The objective circumstances under which the interrogation was conducted further buttress our conclusion that the primary purpose of the interrogation was to address ongoing emergencies.  While Wilson was questioning N.A., he did not recall taking any notes other than N.A.’s name, birthday, and telephone number, and Wilson’s questions were not specific and thorough, as one might otherwise expect when interrogating a crime victim.  Also, while Olson was present at the interrogation, he took no notes and instead dispatched information over his police radio that was helpful to the pursuit of Warsame.  These are not objective indications that the officers were primarily gathering evidence for a criminal prosecution.

            Based on the foregoing analysis, we conclude that the court of appeals correctly concluded that there were three ongoing emergencies while N.A. was being interrogated: (1) N.A.’s medical condition; (2) Warsame’s flight; and (3) I.A.’s medical condition.

                        3. Did the Ongoing Emergencies End at Some Point?

            Warsame argues that even if there were ongoing emergencies for purposes of our Confrontation Clause analysis, those emergencies ended in a short time and did not last the entire 15- to 20-minute interrogation.  As previously noted, an interrogation that begins for the purpose of determining the need for emergency assistance can evolve into testimonial statements once that purpose has been achieved.  Davis/Hammon, 126 S. Ct. at 2277.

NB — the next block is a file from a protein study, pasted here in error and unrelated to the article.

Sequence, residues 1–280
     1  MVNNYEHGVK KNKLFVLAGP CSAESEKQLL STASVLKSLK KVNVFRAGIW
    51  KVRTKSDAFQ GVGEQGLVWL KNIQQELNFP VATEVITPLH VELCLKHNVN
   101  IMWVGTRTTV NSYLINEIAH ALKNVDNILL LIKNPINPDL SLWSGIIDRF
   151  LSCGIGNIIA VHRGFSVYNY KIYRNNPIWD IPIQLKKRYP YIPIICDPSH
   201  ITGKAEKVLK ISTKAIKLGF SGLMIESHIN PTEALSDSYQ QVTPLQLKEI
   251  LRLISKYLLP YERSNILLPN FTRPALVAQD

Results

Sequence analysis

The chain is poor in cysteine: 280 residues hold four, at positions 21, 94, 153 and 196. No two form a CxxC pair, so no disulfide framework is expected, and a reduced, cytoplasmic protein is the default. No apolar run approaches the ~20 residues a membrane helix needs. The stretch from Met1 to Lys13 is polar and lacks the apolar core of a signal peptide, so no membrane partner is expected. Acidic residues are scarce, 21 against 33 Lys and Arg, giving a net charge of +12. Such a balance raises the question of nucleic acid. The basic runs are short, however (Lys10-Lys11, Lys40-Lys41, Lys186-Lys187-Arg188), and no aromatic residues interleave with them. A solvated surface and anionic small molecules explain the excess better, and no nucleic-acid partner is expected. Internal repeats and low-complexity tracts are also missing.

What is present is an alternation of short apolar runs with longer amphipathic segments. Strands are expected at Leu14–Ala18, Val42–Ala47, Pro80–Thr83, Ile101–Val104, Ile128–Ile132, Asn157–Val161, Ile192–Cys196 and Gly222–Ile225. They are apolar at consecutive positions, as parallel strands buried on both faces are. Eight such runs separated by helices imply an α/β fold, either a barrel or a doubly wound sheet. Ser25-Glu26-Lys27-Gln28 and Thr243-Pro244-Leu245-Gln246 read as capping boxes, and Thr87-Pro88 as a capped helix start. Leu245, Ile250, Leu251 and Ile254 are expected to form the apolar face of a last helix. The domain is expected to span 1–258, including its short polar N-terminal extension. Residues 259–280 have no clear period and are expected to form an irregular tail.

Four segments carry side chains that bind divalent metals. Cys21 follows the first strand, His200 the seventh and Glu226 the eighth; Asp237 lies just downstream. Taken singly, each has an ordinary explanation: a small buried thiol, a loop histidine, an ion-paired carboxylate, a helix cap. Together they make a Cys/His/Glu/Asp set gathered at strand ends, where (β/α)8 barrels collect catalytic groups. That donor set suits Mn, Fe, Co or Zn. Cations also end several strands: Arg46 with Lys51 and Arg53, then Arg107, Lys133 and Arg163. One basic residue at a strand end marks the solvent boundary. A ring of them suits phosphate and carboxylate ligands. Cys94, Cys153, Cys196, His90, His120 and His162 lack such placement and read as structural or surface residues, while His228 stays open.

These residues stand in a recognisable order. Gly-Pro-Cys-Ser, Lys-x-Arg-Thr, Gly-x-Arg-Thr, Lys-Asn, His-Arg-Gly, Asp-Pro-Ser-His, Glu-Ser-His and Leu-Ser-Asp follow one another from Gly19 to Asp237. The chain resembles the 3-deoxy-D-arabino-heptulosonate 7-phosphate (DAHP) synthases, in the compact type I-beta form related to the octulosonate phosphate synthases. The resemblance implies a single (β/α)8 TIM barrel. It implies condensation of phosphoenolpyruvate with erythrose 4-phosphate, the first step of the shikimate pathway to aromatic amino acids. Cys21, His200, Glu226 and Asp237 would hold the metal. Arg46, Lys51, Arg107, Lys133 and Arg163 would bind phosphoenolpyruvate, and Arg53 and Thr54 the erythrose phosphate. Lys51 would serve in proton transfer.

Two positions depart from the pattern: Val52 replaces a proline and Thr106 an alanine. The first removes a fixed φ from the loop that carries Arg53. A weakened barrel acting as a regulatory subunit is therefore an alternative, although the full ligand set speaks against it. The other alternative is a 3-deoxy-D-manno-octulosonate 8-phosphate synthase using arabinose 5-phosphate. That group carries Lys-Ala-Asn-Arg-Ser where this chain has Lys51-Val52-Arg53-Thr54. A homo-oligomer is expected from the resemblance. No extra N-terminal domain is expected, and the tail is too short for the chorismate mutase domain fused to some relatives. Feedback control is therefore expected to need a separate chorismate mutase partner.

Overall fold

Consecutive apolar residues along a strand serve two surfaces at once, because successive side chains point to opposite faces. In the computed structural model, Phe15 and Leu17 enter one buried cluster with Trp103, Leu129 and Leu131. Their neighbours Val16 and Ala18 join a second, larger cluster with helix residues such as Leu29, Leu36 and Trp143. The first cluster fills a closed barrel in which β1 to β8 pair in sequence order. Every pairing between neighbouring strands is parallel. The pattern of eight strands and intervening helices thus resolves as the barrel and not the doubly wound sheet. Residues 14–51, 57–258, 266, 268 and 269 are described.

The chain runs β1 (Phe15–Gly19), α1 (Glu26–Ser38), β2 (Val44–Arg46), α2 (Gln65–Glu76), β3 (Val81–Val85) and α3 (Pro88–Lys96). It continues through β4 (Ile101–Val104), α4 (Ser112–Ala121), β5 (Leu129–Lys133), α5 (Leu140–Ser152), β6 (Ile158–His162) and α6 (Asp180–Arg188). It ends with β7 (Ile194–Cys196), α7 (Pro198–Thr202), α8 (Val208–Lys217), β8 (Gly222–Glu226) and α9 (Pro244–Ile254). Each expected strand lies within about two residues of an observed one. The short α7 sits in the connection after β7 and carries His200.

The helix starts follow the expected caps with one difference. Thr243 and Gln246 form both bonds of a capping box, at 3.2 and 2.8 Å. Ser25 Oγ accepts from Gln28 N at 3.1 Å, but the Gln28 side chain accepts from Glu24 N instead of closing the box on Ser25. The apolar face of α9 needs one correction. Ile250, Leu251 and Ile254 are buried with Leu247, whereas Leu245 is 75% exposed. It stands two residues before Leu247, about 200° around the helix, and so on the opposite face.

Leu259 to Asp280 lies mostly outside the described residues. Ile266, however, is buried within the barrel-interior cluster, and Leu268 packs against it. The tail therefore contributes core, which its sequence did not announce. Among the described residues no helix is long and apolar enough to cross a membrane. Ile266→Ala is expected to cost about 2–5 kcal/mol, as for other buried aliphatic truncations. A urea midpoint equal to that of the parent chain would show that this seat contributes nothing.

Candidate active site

The state has the burden of proving that a particular statement does not violate a defendant’s Sixth Amendment rights.  State v. Burrell, 697 N.W.2d 579, 600 (Minn. 2005) (citing State v. King, 622 N.W.2d 800, 807 (Minn. 2001)).  Here, the state must demonstrate that N.A.’s statements were made before the emergencies ended, and if all emergencies ended before the 15- to 20-minute interrogation concluded, the state must demonstrate which of N.A.’s statements were made before those emergencies ended.[6]

            Based on Olson’s testimony, Warsame was not apprehended and I.A.’s condition was uncertain until just after Olson left Wilson and N.A.  But the chronology of facts that N.A. had given at that point is not clear.  The court of appeals concluded that N.A.’s “narrative account” of the assault recounted by Wilson, which apparently refers to the block quotation recited in the fact section above, was made within the time before Olson left.  Warsame II, 723 N.W.2d at 642.  Because Olson heard N.A. refer to the knife, and information about the knife was given in this narrative account, the court of appeals concluded that the narrative account was nontestimonial.  Id. 

            According to Wilson, the narrative account was elicited through his initial, open-ended question, “what happened?”  Because the apprehension and possible victim emergencies did not end before Olson left the curb, anything he heard N.A. say, which included the suspect’s description, the use of a knife in the assault, and an injury to a third party, must have been said before those emergencies ended.  But the record is not clear as to whether Olson stayed for the entire narrative account, and if he left during the account, what information he may have missed.  In addition, Olson remembered hearing facts from N.A. that Wilson did not testify to hearing at the Rasmussen hearing, including Warsame’s physical description and that a third party was injured inside N.A.’s home.  Based on those discrepancies, it is difficult to delineate a chronology for what N.A. said at what time.  The only certainty from this record is that N.A.’s initial, volunteered statement to Wilson was nontestimonial, and everything Olson heard N.A. say was said before Warsame was apprehended and I.A.’s medical status was verified.

D. Conclusion